It’s hard to leave a job at a large, respected company to join an exciting small company in the best of times, and it sounds practically crazy these days. Yet in the past three weeks, I’ve had three conversations with friends who were making that choice.
Here’s my advice.
Stop trying to compare the jobs — that will make it almost impossible to leave your current job unless things get terrible. Instead, start asking what the jobs say about your values — that will guide you in the right long-term direction.
Stop Comparing Jobs
We face three big problems when it comes to comparing job choices.
First, we over-value things we already have. It’s why we think our used car should be worth more than the dealer is offering. It’s the source of the so-called wise saying, "a bird in the hand is worth two in the bush.” Amazingly, scientists have measured the so-called endowment effect and found that it distorts our value of things by about 2X…so maybe there is a sort of wisdom in that saying.
When it comes to changing jobs, this means we set an irrationally high bar. Of course, the new position should be better, or why change. But how much better is enough? Think about it this way: if you make a 15% better choice every other year for ten years, you’ll end up 2X better off.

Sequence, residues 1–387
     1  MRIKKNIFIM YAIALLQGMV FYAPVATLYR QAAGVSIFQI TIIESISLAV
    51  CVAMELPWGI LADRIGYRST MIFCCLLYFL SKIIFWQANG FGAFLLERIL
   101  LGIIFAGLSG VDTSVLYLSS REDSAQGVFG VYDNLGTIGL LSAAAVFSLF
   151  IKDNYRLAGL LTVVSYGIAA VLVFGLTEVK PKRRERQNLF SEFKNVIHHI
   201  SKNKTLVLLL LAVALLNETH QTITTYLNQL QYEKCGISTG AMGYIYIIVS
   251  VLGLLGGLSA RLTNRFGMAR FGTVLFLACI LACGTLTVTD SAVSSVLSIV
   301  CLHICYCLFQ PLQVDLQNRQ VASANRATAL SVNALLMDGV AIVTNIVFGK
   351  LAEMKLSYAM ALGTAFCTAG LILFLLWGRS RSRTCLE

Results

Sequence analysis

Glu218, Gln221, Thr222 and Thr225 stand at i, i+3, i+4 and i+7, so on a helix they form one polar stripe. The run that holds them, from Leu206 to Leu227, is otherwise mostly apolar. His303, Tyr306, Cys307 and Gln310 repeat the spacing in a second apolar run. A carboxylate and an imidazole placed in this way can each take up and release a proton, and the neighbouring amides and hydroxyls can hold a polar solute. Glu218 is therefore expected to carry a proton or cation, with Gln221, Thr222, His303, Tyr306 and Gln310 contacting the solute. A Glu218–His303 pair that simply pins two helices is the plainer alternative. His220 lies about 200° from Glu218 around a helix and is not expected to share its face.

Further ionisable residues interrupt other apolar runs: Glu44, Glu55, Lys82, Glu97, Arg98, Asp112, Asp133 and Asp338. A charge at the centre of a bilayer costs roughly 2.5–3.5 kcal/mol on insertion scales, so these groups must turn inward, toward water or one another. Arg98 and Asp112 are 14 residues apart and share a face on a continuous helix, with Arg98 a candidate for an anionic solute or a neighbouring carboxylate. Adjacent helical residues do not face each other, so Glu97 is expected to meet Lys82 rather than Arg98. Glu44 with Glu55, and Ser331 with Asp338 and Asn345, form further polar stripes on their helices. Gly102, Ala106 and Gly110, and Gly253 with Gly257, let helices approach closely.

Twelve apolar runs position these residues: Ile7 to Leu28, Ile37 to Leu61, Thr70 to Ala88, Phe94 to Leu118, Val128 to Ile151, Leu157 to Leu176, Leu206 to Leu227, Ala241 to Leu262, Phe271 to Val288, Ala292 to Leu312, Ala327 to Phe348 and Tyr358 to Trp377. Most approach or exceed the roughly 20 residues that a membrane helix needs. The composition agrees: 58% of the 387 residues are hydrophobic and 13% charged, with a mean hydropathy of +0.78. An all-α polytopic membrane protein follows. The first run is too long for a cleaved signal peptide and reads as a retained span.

Second, we under-emphasize likely outcomes. Like the case of the fish not being able to perceive the water it swims in, we underestimate the real risks of re-organizations, stagnation and bureaucracy in our current job. What is the chance of a re-organization that affects our job happening in the next year? In some companies, there might even be two re-orgs in that time.
Finally, we over-emphasize unlikely catastrophic risks. When it comes to changing jobs, that is not such a big deal in normal times. But in today’s economic environment, this means we worry about unlikely outcomes like the new company cratering just after we join. One question should help clear that up: If the company is that close to dying, why are they hiring? In my experience, Covid-19 or not, hiring freezes are the first step leaders take when cash is tight.
So. We are irrationally biased to hold on tight to our current job. We underestimate the chances of normal things continuing to happen in our current job. And we overestimate the chances of very unlikely things happening in our new one.
In the face of general Covid-19 uncertainty, all this works together to make it emotionally very difficult to make a rational decision to move to a better job.
Set Aside The Apocalypse
Given this volatile mix of decision-making biases and emotional stress, the first step is to zero-out anything that has to do with the end of the world.
An apocalypse probably affects similar job situations equally, so it’s not a significant determinant. An apocalypse is also relatively unlikely. In part, we can tell it is unlikely by how worried we all are about it — people blithely accept commonplace tragedies, but they obsess about the tragically unlikely.
Such stress is not helpful for good decision-making, so set the apocalypse aside for a moment.
Source - Read More at: www.forbes.com